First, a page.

Indian Health Service Innovations Have Helped Reduce Health Disparities Affecting American Indian And Alaska Native People
ABSTRACT The Indian Health Service (IHS), a federal health system, cares for 2 million of the country's 5.2 million American Indian and Alaska Native people. This system has increasingly focused on innovative uses of health information technology and telemedicine, as well as comprehensive, locally tailored prevention and disease management programs, to promote health equity in a population facing multiple health disparities. Important recent achievements include a reduction in the life-expectancy gap between American Indian and Alaska Native people and whites (from eight years to five years) and improved measures of diabetes control (including 20 percent and 10 percent reductions in the levels of low-density lipoprotein cholesterol and hemoglobin A1c, respectively). However, disparities persist between American Indian and Alaska Native people and the overall US population. Continued innovation and increased funding are required to further improve health and achieve equity.
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- "These findings accord with Canadian data revealing higher prevalences of cardiovascular disease , heart failure , and diabetes . While some progress has been made towards addressing these disparities , , , profound differences remain between the health status of Aboriginal and non-Aboriginal people. "
ABSTRACT: Background It is widely recognised that significant discrepancies exist between the health of indigenous and non-indigenous populations. Whilst the reasons are incompletely defined, one potential cause is that indigenous communities do not access healthcare to the same extent. We investigated healthcare utilisation rates in the Canadian Aboriginal population to elucidate the contribution of this fundamental social determinant for health to such disparities. Methods Healthcare utilisation data over a nine-year period were analysed for a cohort of nearly two million individuals to determine the rates at which Aboriginal and non-Aboriginal populations utilised two specialties (Cardiology and Ophthalmology) in Alberta, Canada. Unadjusted and adjusted healthcare utilisation rates obtained by mixed linear and Poisson regressions, respectively, were compared amongst three population groups - federally registered Aboriginals, individuals receiving welfare, and other Albertans. Results Healthcare utilisation rates for Aboriginals were substantially lower than those of non-Aboriginals and welfare recipients at each time point and subspecialty studied [e.g. During 2005/06, unadjusted Cardiology utilisation rates were 0.28% (Aboriginal, n = 97,080), 0.93% (non-Aboriginal, n = 1,720,041) and 1.37% (Welfare, n = 52,514), p = <0.001]. The age distribution of the Aboriginal population was markedly different [2.7%≥65 years of age, non-Aboriginal 10.7%], and comparable utilisation rates were obtained after adjustment for fiscal year and estimated life expectancy [Cardiology: Incidence Rate Ratio 0.66, Ophthalmology: IRR 0.85]. Discussion The analysis revealed that Aboriginal people utilised subspecialty healthcare at a consistently lower rate than either comparatively economically disadvantaged groups or the general population. Notably, the differences were relatively invariant between the major provincial centres and over a nine year period. Addressing the causes of these discrepancies is essential for reducing marked health disparities, and so improving the health of Aboriginal people.PLoS ONE 11/2012; 7(11):e48355. DOI:10.1371/journal.pone.0048355 · 3.23 Impact Factor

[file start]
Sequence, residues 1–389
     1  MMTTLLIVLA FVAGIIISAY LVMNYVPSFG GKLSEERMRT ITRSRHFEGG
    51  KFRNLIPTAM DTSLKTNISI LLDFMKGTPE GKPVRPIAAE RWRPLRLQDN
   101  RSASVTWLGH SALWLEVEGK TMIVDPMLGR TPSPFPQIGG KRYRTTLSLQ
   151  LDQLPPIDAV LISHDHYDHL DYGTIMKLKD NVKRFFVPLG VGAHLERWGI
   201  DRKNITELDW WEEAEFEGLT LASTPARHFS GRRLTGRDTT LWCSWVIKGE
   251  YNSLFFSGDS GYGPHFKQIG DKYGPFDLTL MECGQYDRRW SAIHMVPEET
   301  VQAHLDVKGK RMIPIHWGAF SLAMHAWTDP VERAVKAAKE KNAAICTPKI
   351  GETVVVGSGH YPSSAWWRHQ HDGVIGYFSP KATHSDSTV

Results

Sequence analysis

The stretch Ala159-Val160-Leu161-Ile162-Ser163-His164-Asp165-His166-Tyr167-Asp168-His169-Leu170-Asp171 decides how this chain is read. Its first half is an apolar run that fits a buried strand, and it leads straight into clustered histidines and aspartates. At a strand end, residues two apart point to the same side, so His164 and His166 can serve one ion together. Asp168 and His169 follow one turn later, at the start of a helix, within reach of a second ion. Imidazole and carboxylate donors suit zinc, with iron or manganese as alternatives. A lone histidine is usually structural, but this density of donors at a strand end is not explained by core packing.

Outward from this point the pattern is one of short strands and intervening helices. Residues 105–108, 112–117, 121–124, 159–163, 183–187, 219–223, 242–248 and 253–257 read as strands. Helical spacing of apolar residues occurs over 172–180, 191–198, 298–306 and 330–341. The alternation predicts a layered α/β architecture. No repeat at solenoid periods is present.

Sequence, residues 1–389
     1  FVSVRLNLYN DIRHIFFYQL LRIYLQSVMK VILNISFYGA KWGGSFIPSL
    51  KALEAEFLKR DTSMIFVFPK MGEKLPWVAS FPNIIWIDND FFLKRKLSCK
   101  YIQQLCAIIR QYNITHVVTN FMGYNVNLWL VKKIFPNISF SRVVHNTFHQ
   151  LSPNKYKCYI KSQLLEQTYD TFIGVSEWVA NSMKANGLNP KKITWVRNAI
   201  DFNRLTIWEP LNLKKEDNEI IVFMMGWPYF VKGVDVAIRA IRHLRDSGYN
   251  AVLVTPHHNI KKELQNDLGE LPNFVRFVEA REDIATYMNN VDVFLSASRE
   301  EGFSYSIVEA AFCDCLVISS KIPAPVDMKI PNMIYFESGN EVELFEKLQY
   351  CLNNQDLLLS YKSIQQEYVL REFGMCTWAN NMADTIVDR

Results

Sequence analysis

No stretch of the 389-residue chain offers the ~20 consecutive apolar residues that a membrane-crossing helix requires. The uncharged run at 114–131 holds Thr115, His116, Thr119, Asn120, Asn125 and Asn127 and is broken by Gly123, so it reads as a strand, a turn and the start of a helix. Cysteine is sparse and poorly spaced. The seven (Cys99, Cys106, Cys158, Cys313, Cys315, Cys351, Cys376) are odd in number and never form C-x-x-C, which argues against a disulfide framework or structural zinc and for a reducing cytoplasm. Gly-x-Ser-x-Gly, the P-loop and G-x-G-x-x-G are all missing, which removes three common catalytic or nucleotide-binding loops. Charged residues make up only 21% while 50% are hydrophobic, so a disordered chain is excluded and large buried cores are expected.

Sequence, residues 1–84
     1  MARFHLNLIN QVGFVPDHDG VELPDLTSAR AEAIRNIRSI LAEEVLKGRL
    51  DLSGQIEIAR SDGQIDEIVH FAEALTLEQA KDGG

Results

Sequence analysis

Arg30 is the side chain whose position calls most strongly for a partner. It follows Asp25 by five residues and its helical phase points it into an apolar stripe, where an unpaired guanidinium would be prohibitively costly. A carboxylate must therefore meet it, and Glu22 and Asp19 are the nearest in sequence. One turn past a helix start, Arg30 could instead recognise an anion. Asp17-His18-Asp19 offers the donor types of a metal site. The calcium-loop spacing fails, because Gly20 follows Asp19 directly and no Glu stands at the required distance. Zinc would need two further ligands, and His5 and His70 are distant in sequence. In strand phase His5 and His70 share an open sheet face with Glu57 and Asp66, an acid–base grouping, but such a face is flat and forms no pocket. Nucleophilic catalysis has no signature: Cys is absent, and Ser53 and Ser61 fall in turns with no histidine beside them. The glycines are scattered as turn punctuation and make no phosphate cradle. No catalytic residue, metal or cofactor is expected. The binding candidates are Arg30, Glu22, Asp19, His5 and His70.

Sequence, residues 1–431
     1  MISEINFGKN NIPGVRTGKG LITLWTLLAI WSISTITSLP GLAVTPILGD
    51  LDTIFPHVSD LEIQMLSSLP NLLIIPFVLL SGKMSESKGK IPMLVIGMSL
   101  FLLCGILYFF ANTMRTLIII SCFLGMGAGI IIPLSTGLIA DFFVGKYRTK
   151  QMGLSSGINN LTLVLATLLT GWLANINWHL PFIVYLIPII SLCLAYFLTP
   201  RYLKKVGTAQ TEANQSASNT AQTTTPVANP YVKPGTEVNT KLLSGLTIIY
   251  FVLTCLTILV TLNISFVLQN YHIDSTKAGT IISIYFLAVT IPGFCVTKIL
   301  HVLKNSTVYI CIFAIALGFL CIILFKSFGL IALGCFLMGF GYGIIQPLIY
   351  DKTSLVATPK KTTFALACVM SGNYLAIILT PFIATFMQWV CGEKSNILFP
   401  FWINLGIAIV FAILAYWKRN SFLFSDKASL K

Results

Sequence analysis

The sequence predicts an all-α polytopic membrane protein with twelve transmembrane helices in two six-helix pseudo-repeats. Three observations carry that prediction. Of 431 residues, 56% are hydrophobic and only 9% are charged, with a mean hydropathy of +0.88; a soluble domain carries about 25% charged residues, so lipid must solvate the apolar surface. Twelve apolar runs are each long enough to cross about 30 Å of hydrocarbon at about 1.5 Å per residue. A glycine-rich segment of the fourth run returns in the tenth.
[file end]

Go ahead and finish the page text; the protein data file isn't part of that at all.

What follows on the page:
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ABSTRACT: In the past decade and a half, the United States has witnessed major advances in the recognition and reporting of health and health care disparities. Now is the time to move beyond describing these disparities to actually eliminating them. Because of the interlocking nature of disparities in health, disparities in health care, and the role of social determinants, there is a need to focus our efforts on one primary goal: achieving health equity by securing access for the entire population to the highest possible quality of health care. Access to high-quality care for populations of color can have the same impact as it has for majority populations: improving population health, improving patients' experiences of care, and reducing health care costs.Health Affairs 10/2011; 30(10):1868-71. DOI:10.1377/hlthaff.2011.0976 · 4.64 Impact Factor
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ABSTRACT: In this special feature article, we discuss the development of collaborative care models in chronic disease management and the need for such initiatives in chronic kidney disease (CKD). We identify telemedicine as a potential key element to collaborative care in CKD. Telenephrology-as telemedicine would be referred to as it is applied in CKD-would be comprised of various technology platforms and applications, which are described here. We describe a range of scenarios in which telenephrology would facilitate collaborative care in CKD and how it would be the basis for patient-oriented research to assess improvements in outcomes in the future.Nephrology Dialysis Transplantation 12/2012; 28(4). DOI:10.1093/ndt/gfs552 · 3.49 Impact Factor